Cash crunch in many parts of India as ATMs run dry; Centre says solution in 3 days
New Delhi: Severe cash crisis has thrown life out of gear as ATMs have run dry in several states and cities including Telangana, Hyderabad, Varanasi, Vadodara, Bhopal, Patna and a few areas in Delhi.
Cash-starved customers in large numbers started queuing up outside ATMs and banks since early Tuesday morning to withdraw currency notes from vending machines, but most of them were either out of service or had a board notifying “no cash”.
Officials of several bank branches said that the banks’ infrastructure is unable to handle the huge rush resulting in long serpentine queue.
Meanwhile, SP Shukla, Mos Finance has said, “We’ve cash currency of Rs 1,25,000 crore right now. There is one problem that some states have less currency and others have more. Government has formed state-wise committee and RBI also formed committee to transfer currency from one state to other. It will be done in 3 days.”
People in Hyderabad told news Agency ANI, ‘We have been unable to withdraw cash from ATMs as the kiosks (ATM Kiosk), in several parts of the city, have run out of cash. We have visited several ATMs since yesterday but it is the situation everywhere’.
People in Varanasi said, ‘We do not know what or where the problem is but the common man is facing difficulty as the ATM Kiosks are not dispensing cash. We have visited 5-6 ATMs since morning. We need to pay for the admission of children and purchase groceries & vegetables’.
With public anger rising across the country over cash availability, some media reports quoting bank officials said that the sudden spike in number of people willing to withdraw huge amount of cash stems from the fear of ‘bail-in clause’ in the Financial Resolution and Deposit Insurance (FRDI) Bill.
In Vadodara People were complaining of inconvenience due to lack of currency in ATMs saying, ‘most of the ATMs were out of service, could only withdraw Rs 10,000 from one working ATM that also after spending a lot of time in the queue.
A few people outside ATMs in Delhi said, ‘We are facing cash crunch. Most of the ATMs are not dispensing cash, the ones which are dispensing, have only Rs 500 notes. We are facing difficulty, don’t know what to do’.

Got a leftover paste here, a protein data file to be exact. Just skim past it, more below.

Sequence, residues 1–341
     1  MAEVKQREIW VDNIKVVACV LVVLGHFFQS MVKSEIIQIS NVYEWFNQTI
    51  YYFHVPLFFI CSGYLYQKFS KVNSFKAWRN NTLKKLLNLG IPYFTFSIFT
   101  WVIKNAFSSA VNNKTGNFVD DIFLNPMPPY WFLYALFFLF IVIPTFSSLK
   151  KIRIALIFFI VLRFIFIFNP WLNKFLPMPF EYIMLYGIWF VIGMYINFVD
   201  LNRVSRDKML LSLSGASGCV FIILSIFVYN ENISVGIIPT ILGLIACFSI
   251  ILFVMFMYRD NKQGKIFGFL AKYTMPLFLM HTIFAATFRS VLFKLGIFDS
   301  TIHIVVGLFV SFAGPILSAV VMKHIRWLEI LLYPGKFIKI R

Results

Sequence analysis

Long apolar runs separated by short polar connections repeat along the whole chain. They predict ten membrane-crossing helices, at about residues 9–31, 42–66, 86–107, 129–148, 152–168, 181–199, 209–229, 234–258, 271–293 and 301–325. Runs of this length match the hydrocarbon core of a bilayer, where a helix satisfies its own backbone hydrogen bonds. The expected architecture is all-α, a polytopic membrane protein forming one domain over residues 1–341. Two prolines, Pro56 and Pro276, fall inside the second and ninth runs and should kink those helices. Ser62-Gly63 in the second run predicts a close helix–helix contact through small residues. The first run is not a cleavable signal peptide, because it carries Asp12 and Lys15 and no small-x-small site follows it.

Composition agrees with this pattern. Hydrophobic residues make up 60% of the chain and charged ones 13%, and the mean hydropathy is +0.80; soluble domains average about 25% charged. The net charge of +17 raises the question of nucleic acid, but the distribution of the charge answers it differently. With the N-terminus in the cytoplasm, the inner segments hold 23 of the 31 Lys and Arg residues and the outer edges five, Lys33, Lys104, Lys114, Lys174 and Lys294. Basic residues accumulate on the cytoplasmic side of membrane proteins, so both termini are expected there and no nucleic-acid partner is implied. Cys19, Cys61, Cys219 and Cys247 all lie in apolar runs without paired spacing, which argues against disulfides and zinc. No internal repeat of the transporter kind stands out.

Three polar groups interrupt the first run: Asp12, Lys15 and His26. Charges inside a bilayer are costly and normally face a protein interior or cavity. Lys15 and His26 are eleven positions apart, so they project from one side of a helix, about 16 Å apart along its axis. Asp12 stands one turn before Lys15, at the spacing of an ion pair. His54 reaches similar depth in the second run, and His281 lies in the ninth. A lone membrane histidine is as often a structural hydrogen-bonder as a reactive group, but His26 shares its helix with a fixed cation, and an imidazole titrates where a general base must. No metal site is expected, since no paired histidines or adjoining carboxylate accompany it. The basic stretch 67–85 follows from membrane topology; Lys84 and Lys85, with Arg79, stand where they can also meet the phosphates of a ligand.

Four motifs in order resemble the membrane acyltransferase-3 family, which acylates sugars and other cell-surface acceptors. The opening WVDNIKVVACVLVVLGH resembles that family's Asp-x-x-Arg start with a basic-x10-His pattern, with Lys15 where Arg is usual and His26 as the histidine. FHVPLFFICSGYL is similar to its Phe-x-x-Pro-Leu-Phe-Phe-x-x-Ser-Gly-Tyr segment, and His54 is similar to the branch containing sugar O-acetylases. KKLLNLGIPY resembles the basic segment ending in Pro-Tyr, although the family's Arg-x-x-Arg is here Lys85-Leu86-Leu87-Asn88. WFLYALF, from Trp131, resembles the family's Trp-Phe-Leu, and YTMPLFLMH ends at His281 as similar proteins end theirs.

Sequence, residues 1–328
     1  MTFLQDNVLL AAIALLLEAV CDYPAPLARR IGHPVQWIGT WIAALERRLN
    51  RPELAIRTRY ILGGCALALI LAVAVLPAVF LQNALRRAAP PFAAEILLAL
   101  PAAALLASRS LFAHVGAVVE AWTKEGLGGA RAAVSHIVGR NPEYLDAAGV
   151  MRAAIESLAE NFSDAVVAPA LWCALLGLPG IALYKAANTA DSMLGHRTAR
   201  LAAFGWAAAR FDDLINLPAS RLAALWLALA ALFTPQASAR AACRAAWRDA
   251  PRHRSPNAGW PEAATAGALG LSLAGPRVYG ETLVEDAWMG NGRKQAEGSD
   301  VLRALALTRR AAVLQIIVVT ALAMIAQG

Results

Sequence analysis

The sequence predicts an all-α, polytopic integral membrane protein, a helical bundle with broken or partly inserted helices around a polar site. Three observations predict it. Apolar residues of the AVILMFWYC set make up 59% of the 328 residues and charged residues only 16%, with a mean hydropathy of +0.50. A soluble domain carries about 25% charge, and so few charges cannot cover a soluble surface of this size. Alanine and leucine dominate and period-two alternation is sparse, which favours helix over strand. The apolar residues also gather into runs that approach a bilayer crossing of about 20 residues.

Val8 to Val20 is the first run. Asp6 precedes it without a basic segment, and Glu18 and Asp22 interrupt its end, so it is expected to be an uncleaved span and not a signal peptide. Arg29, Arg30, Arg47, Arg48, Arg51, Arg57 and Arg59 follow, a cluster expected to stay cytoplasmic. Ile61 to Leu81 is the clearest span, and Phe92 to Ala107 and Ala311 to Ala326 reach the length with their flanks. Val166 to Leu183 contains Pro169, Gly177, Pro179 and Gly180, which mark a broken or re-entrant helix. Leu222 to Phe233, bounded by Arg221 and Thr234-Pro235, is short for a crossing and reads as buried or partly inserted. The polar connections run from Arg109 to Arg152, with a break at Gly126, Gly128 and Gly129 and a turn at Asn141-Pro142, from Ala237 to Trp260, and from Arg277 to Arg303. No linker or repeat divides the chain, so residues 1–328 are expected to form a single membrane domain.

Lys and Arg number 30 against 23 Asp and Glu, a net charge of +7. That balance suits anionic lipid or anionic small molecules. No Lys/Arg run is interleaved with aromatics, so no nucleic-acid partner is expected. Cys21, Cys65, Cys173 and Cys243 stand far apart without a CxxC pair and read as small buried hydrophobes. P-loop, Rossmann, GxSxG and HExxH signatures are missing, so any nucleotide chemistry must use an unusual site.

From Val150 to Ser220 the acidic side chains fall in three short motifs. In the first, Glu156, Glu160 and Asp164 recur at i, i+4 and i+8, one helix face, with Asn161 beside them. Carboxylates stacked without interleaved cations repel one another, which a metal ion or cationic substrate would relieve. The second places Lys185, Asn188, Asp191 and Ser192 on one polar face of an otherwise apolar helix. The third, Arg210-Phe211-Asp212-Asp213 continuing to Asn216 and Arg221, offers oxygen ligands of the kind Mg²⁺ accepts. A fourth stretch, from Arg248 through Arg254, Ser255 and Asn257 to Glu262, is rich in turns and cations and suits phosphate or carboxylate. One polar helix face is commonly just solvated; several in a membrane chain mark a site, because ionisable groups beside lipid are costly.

‘We are facing a cash crunch. ATMs are not dispensing cash. The situation has been the same since 15 days. We have visited several ATMs today as well, to no avail,’ people in Bhopal said.
The Financial Resolution and Deposit Insurance (FRDI) Bill, 2017, introduced in the Lok Sabha in August last year, has a ‘bail-in’ clause, which some experts say brings potential harm to deposits in the form of savings accounts. The bill is currently undergoing scrutiny by a joint parliamentary committee. The FRDI Bill proposes to create a framework for overseeing financial institutions such as banks, insurance companies, non-banking financial services (NBFC) companies and stock exchanges in case of insolvency. The draft bill empowers the Resolution Corporation to cancel the liability of a failing bank or convert the nature of the liability.
It does not specify deposit insurance amount. At present, all deposits up to INR 1 lakh are protected under the Deposit Insurance and Credit Guarantee Corporation Act that is sought to be repealed by this bill.
However, the government has time and again assured the Lok Sabha that money of all depositors in public sector banks will be protected and there is no need to create any fear psychosis.
“The government is committed to protecting every depositor in public sector banks and therefore we need not create any fear psychosis,” Finance Minister Arun Jaitley had said while replying to a discussion on ‘Supplementary Demand for Grants – Second Batch for 2017-18’in Lok Sabha.